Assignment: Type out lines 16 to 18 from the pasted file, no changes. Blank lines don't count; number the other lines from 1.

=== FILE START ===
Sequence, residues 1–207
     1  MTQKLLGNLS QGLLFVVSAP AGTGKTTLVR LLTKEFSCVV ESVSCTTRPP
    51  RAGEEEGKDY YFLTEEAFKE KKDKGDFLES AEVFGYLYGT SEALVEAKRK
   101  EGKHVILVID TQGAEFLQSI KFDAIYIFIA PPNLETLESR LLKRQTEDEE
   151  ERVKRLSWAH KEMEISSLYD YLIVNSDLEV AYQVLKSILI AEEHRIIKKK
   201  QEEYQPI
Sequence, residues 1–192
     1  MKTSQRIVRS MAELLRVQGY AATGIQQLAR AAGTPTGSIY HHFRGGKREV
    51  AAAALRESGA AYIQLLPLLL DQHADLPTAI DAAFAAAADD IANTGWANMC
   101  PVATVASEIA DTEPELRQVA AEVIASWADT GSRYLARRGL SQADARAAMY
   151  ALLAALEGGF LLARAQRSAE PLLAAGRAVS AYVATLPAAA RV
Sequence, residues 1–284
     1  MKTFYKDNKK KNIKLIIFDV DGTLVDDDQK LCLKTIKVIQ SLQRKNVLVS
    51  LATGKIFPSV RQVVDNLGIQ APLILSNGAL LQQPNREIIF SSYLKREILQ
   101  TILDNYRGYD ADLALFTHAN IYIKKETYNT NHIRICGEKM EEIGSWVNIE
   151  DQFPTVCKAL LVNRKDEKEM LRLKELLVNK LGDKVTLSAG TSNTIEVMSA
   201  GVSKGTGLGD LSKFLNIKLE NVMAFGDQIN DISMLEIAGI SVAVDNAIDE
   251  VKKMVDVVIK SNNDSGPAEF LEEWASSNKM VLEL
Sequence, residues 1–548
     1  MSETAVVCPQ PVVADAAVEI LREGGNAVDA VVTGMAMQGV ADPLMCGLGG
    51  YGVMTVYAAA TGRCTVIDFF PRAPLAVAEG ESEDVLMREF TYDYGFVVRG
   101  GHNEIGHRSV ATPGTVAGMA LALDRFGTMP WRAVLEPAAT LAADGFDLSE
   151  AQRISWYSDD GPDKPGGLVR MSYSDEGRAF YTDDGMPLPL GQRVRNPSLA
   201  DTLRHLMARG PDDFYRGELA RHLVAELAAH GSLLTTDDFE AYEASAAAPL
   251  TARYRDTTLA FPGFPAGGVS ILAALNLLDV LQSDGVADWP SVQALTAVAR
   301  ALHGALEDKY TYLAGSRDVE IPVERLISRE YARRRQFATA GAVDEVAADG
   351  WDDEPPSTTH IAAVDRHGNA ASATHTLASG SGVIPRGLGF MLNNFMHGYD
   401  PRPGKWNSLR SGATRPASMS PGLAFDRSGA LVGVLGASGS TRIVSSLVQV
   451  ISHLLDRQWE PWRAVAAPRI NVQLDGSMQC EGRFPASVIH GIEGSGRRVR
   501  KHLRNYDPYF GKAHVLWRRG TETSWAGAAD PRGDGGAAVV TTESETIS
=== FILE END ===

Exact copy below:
   151  DQFPTVCKAL LVNRKDEKEM LRLKELLVNK LGDKVTLSAG TSNTIEVMSA
   201  GVSKGTGLGD LSKFLNIKLE NVMAFGDQIN DISMLEIAGI SVAVDNAIDE
   251  VKKMVDVVIK SNNDSGPAEF LEEWASSNKM VLEL